There are situations in which a woman intentionally begins having sexual relations with a man and shortly thereafter becomes pregnant without his knowledge—due to an intense desire to become a mother at any price. The man is then in a helpless situation: he is forced to be the father of an unplanned baby that he didn’t want, and is certainly not interested in providing for him/her. This is a known phenomenon known as sperm theft. In such a situation, the man has the option to sue the woman for sperm theft. This raises numerous questions including: Who decides on the continuation of the pregnancy? Is it the man’s decision, the woman’s or the court’s? Is the woman or the man obliged to undergo a tissue analysis? Are there signed agreements that absolve the father of all commitments to the child? What are the man’s rights in cases of sperm theft?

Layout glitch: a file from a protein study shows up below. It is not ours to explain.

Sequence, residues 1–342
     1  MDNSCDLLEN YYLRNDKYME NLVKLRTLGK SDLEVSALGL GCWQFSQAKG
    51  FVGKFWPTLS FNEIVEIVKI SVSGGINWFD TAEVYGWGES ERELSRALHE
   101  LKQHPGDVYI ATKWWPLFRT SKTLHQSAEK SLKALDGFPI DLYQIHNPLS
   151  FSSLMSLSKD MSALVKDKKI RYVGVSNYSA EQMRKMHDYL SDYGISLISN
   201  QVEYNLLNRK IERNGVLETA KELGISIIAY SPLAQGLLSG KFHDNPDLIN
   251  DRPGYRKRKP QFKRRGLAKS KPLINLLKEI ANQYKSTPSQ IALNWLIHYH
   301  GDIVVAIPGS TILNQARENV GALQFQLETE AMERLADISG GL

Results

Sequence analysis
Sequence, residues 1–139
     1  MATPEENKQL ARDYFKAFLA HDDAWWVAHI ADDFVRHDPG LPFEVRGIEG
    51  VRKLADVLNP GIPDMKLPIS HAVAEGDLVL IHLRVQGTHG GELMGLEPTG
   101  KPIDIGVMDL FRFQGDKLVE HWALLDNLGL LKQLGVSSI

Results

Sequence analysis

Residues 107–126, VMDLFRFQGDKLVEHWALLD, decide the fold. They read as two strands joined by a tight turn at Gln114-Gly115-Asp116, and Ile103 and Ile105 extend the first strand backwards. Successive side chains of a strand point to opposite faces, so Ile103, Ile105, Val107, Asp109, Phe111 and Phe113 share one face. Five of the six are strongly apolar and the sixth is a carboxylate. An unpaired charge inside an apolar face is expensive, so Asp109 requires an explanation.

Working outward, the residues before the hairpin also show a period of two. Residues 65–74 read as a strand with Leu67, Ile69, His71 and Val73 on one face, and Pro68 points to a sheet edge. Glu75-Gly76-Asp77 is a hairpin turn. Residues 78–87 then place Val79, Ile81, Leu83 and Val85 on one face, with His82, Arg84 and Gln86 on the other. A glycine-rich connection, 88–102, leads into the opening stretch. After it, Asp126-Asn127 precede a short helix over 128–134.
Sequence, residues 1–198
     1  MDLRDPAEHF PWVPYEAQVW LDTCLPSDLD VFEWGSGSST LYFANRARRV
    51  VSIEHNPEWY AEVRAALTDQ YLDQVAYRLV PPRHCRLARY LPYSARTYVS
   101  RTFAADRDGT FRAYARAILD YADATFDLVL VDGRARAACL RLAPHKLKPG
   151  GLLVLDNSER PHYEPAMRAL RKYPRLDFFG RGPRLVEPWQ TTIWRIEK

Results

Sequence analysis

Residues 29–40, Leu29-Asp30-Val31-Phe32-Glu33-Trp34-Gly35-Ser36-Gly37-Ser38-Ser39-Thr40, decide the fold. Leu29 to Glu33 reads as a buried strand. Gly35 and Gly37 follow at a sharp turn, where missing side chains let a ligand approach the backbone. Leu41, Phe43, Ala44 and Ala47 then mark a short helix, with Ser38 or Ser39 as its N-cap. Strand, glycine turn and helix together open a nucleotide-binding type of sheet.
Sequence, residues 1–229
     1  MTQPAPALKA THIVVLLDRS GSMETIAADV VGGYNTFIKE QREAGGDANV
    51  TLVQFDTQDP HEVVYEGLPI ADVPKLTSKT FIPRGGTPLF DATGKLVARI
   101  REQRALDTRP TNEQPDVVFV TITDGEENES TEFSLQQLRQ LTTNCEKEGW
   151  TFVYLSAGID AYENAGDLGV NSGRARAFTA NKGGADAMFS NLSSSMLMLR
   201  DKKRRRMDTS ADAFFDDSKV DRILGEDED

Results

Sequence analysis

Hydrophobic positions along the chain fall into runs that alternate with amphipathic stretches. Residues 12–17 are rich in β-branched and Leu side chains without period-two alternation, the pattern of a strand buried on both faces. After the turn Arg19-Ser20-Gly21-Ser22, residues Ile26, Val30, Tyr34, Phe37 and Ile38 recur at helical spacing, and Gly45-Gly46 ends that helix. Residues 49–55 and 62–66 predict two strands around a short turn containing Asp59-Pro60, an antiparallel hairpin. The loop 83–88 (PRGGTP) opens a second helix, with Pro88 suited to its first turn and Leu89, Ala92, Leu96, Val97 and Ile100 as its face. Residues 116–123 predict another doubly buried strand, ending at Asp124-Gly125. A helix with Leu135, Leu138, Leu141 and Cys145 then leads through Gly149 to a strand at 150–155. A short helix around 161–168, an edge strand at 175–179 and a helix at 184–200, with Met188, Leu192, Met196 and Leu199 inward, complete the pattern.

When a man claims that a woman with whom he has had a short-term, noncommittal sexual relationship has intentionally become pregnant, the courts determine that since the man decided, of his own free will, to be a partner in sexual activity, he must take responsibility for his deeds. Therefore, the woman can decide alone on whether she wants to continue the pregnancy or, perhaps, have an abortion. When a suit of sperm theft is filed with the court, it takes into account the welfare of the child regardless of the existing relationship, or its nature, between the parents. In such a case the father will be obliged to pay alimony to the woman, just as in a standard divorce case, and provide for the child’s needs. In the event the man refuses to fulfill his commitments as the father, the woman can file a suit with family court in order to rule on his paternity. The father can demand a tissue analysis, a standard and legitimate test that the courts typically approve. In the event the situation is the opposite and the man refuses to undergo the test, he cannot be forced to take it; however his refusal can be used as evidence by the court in determining that he is indeed the father. In such a case the man has the right to file a claim of sperm theft and demand monetary compensation, on the grounds that he was deceived by the woman who told him she was using contraceptives. Most suits of sperm theft are not accepted by the courts since the man has a hard time proving decisively that the woman deceived him because she intentionally wanted to become pregnant.